I’m awake in the middle of the night again. A sadness dogs me until I get up and listen to it. In the silence I hear a regret that I was not present.
That evening I had a meal with friends. I conversed awkwardly, didn’t remember what was important, didn’t really see or hear them. That day I rode my bike through the city on roads strewn with autumn leaves, by water, mountains, merchants, birds and cars, but I didn’t see or hear them either. I ate a sandwich I didn’t taste, travelled streets without smells.
I’m awake when I should be asleep, and all day long I’m asleep when I should be awake.
In the middle of this night, God the Child is keeping vigil. He is with me in my helplessness. One hand is on my chest, and with the other around my neck and his fingers under my chin, he gently pulls my cheek to his baby soft skin. He looks at me and sees me. He adores me as if I were his mother.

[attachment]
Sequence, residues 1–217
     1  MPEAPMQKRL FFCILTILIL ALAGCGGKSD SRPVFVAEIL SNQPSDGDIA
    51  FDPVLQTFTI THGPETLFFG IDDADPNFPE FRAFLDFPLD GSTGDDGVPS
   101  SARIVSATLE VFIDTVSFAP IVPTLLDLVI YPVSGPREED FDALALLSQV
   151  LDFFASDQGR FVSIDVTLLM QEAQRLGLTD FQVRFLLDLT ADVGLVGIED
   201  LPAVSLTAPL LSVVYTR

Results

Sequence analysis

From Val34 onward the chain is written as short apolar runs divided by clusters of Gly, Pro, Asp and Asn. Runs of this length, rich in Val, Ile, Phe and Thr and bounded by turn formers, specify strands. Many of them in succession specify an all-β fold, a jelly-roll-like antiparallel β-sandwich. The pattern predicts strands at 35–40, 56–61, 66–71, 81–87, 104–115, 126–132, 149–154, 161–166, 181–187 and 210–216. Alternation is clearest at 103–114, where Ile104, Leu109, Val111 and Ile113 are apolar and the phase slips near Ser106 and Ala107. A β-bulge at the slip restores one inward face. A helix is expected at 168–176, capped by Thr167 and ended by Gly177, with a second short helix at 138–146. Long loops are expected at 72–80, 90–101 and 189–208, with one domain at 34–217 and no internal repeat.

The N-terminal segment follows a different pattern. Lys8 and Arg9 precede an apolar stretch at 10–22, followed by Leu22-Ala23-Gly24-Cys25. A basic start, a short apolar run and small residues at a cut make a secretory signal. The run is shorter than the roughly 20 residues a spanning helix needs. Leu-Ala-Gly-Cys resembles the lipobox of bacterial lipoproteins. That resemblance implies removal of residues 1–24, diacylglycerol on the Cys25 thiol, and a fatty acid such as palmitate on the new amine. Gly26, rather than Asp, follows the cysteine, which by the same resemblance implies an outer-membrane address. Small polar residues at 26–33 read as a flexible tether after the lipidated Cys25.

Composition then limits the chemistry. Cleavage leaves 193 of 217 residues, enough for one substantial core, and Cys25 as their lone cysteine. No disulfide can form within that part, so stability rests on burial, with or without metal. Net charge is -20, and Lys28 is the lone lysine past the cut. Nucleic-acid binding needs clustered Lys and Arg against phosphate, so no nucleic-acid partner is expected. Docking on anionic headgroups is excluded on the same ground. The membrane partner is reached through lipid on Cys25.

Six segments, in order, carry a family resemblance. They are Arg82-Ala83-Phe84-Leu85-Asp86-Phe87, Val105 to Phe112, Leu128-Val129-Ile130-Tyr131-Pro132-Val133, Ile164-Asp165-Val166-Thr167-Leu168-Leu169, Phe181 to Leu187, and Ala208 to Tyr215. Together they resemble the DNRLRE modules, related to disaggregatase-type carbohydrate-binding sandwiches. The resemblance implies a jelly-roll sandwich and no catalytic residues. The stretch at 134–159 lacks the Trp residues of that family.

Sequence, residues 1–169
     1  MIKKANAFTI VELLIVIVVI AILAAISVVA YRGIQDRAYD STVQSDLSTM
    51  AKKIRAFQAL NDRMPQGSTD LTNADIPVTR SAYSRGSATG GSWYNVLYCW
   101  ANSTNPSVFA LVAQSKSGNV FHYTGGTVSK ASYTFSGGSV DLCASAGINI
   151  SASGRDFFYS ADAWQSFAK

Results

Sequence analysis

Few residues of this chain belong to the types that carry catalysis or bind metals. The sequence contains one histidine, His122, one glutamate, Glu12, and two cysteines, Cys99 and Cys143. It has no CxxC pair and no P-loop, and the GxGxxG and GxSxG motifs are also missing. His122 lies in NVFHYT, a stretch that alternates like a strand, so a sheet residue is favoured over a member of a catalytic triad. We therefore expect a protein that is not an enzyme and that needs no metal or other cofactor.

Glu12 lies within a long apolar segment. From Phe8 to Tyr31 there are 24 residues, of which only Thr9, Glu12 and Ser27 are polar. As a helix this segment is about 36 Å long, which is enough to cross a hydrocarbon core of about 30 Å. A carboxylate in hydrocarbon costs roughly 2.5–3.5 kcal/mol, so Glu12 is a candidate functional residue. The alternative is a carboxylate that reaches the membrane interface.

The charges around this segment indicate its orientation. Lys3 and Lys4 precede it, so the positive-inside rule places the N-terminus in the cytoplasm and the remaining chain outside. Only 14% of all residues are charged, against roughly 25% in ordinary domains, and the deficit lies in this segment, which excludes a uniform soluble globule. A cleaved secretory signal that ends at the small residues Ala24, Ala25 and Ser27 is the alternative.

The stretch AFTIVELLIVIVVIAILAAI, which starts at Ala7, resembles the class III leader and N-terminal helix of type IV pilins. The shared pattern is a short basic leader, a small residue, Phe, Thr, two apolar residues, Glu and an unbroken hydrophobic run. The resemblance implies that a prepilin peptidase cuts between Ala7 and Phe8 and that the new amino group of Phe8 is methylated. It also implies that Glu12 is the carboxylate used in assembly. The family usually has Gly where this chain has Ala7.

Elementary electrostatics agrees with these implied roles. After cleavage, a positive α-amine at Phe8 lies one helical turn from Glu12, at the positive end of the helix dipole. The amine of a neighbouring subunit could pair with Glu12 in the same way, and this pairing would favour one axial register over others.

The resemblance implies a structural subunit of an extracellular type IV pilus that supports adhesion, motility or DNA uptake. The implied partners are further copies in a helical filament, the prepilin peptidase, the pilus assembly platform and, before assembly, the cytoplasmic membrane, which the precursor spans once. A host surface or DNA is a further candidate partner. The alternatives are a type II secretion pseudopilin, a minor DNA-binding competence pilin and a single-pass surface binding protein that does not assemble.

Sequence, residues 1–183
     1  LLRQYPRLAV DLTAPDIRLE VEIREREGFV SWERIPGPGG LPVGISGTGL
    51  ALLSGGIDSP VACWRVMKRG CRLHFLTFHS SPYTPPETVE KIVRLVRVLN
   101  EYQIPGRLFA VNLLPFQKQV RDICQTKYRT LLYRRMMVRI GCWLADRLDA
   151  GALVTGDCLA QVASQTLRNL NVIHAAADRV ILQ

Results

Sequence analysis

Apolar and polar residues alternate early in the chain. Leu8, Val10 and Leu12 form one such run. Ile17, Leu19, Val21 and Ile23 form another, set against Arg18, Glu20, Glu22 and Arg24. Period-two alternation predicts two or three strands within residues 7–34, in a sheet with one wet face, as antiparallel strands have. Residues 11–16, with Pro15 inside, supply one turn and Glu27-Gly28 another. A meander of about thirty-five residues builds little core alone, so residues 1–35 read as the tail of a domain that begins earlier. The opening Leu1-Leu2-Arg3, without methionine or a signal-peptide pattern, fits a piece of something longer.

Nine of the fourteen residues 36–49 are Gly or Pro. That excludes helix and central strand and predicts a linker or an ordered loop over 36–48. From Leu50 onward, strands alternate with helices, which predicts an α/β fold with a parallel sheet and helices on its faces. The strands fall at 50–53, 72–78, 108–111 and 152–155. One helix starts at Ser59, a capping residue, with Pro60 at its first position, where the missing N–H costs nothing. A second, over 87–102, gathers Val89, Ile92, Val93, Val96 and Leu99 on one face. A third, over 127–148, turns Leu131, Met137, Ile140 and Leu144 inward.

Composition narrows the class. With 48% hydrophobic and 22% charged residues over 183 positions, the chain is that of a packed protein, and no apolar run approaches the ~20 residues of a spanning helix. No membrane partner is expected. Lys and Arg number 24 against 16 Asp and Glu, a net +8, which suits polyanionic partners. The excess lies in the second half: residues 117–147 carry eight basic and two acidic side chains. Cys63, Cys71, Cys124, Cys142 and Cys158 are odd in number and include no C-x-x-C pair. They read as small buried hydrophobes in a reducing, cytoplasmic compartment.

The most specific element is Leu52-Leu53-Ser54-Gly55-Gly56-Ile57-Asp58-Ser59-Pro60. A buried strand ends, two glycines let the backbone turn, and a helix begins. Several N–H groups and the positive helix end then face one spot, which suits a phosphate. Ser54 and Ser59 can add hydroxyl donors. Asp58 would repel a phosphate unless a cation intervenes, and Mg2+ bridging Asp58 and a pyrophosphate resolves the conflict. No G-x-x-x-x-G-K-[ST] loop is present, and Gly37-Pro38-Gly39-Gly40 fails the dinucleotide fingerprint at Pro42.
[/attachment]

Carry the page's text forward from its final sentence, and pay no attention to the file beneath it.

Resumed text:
Even as I look away and fall asleep, he continues to watch over me. He is not thinking about what I’ve done or what I need to become. He is present, loving me now as if I were the whole world to him.
To him my helplessness is golden.
Darkness is as light to you.
∗ ∗ ∗
While I feel the confines of my own helplessness to change, others feel it much more acutely. One friend’s pain and weakness evades diagnosis and leaves them alone with their fears for days on end. Another who is tormented by relentless, sadistic voices is among the small percentage of people with schizophrenia who don’t respond to medication. Still another enters treatment for the fourth time with both hope and trepidation. I am sure their helplessness does not feel golden to them. Yet they continue to take one breath after another, giving themselves to us for another day.
And we are blessed by their gift.